Keeping it real in the 530

It’s only 20 minutes and a short trip across the causeway, but sometimes Davis feels like another country. Case in point: the Davis Beer Shoppe. On a recent Friday night it was so busy that the owner, Taylor Ramos, had to station an employee at the door to ration the incoming customers, a move that made it seem more like a hip club than what it really is—a compact beer shop with an impressive selection, a few taps and a tiny seating area. The Beer Shoppe has been a smash hit since opening in March, yet, as reported last week in SN&R (“Fear the Beer” by Nick Miller, Frontlines, November 3) a business like this could never open anywhere on the grid in Sacramento, thanks to the city’s arcane single-bottle laws. Although he didn’t consider Sacramento as a location for his bottle shop, owner Ramos says he’s aware of the law.

“I can understand where they’re coming from but … overall it really hurts retailers who are trying to move toward craft beers and away from macrobeers like Coors, Bud, etc.,” Ramos said.

Here’s another thing downtown Sac is lacking right now (no, not a basketball arena): An array of small all-ages venues for under-the-radar bands. Which is why the Nacho Business/G. Green/Audacity/King Tuff show was booked for that same Friday at the Davis Bike Collective, a Bike Kitchen-esque shop near the tracks.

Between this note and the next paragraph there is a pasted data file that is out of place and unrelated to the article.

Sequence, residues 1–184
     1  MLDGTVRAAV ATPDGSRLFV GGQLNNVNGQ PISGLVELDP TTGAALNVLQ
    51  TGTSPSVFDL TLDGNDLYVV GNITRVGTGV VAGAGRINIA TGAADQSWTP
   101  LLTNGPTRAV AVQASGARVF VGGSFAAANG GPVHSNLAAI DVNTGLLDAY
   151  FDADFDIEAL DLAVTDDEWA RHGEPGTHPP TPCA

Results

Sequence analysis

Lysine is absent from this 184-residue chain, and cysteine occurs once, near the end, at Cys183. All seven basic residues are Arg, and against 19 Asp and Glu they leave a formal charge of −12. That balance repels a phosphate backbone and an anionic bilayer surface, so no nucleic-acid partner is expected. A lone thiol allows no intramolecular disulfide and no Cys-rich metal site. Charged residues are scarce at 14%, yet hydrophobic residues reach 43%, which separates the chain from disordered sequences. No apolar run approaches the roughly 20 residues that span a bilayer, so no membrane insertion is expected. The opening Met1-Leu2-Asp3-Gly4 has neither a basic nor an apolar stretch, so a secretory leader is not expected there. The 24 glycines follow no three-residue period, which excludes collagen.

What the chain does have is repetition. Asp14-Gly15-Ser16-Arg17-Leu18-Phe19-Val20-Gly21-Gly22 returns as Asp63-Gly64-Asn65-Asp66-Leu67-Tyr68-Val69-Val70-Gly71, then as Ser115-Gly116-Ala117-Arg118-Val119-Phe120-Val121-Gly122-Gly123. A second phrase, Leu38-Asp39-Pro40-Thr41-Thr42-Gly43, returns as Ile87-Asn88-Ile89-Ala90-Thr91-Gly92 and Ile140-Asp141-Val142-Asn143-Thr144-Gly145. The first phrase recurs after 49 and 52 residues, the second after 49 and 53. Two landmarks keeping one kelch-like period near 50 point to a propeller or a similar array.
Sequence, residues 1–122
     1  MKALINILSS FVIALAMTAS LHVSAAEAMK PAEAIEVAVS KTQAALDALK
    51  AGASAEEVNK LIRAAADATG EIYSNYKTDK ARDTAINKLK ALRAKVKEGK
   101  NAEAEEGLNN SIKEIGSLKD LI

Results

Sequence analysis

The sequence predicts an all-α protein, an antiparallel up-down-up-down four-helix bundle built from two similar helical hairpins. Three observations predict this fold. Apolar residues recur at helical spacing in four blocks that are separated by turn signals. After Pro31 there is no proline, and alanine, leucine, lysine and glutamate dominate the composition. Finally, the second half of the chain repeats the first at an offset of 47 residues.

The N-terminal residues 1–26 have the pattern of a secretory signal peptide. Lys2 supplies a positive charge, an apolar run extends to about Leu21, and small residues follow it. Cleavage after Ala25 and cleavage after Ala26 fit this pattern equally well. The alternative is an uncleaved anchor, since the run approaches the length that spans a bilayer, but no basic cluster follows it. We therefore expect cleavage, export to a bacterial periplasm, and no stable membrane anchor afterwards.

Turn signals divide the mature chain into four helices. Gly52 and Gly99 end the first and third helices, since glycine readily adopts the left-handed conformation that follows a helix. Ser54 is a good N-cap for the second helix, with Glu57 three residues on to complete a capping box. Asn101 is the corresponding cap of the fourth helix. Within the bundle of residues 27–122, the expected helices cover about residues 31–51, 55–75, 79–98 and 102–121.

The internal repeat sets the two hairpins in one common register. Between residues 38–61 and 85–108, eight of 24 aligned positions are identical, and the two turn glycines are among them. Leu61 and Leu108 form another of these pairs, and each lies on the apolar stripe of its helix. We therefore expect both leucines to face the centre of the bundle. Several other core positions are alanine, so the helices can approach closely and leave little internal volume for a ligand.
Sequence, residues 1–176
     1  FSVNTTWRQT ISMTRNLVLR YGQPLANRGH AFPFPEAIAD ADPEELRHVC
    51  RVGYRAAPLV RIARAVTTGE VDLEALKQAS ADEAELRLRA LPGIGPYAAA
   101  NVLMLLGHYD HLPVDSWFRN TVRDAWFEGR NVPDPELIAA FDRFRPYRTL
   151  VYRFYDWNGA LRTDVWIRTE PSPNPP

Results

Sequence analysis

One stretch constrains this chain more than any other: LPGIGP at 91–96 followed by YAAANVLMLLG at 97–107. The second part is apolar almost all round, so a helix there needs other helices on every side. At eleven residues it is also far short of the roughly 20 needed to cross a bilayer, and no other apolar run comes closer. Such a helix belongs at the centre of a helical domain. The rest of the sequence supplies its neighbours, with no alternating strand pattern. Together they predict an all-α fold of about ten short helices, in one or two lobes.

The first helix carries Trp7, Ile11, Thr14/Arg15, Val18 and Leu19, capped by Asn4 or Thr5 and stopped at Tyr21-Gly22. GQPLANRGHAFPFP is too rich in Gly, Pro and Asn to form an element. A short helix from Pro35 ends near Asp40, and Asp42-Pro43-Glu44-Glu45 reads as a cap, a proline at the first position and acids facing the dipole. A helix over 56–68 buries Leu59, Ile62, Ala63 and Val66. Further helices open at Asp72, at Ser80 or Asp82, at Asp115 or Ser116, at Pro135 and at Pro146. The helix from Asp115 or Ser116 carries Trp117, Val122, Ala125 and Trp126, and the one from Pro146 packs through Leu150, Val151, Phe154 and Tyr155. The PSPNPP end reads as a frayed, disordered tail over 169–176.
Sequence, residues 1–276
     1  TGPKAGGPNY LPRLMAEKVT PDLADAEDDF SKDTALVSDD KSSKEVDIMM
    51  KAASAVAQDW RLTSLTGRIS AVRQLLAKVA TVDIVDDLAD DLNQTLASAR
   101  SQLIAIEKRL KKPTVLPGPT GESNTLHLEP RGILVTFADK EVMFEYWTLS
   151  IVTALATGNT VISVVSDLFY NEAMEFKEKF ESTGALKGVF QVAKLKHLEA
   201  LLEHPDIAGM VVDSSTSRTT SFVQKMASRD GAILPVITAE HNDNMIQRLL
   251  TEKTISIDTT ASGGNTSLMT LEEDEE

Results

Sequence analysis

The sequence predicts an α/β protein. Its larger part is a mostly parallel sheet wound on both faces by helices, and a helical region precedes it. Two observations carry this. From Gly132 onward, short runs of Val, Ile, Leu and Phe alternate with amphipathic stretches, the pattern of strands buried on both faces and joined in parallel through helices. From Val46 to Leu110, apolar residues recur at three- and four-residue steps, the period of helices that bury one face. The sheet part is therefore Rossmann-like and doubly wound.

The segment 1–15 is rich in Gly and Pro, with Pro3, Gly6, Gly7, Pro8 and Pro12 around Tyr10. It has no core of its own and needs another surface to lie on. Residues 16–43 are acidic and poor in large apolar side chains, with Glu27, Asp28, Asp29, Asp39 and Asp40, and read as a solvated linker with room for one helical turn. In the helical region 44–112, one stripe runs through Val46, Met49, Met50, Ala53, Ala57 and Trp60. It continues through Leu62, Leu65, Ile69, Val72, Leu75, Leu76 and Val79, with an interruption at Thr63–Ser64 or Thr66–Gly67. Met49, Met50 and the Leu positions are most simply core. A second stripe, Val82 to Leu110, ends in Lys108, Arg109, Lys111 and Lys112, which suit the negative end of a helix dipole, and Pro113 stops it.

Nacho Business charmed the crowd with its signature pretty harmonies and giant stage-side can of nacho “cheez.” For this show, the band debuted a new drummer, Christine Shelley, who, they jokingly called a “session drummer”—but it’s hardly a joke because Shelley also drums for Knock Knock and Baby.

G. Green also debuted a new lineup, its sixth or seventh, although the two core members, guitarist/singer Andrew Henderson and drummer/singer Liz Liles, are solid as a rock. Here’s hoping this one sticks; the addition of KDVS deejay Simi Sohota on bass and Oakland resident Mike Morales on guitar got the crowd so pumped, that a good-natured mosh pit broke out.

Audacity, doing double duty as King Tuff’s backing band, brought its signature SoCal Burger Records bubblegum sound and dedicated its set to KDVS deejay Rick Ele, an early supporter of Audacity on his influential radio show, and fellow label artist Mom, who was also in attendance.

King Tuff is the alter ego of Kyle Thomas, a young musician from Vermont who is also in Witch—J. Mascis’ metal band. In 2007, he recorded the album Was Dead as King Tuff, and then moved on to a newer venture, recording an album for Sub Pop with his band Happy Birthday. Was Dead proved to have surprising staying power and has become something of a cult classic.

On Friday the room erupted as King Tuff launched into the first song—and kept erupting throughout the set, straight through to the encore.

Even the trip back across the causeway couldn’t break the spell—another great Yolo County show. Until Sacramento loosens up, our loss is Davis’ gain.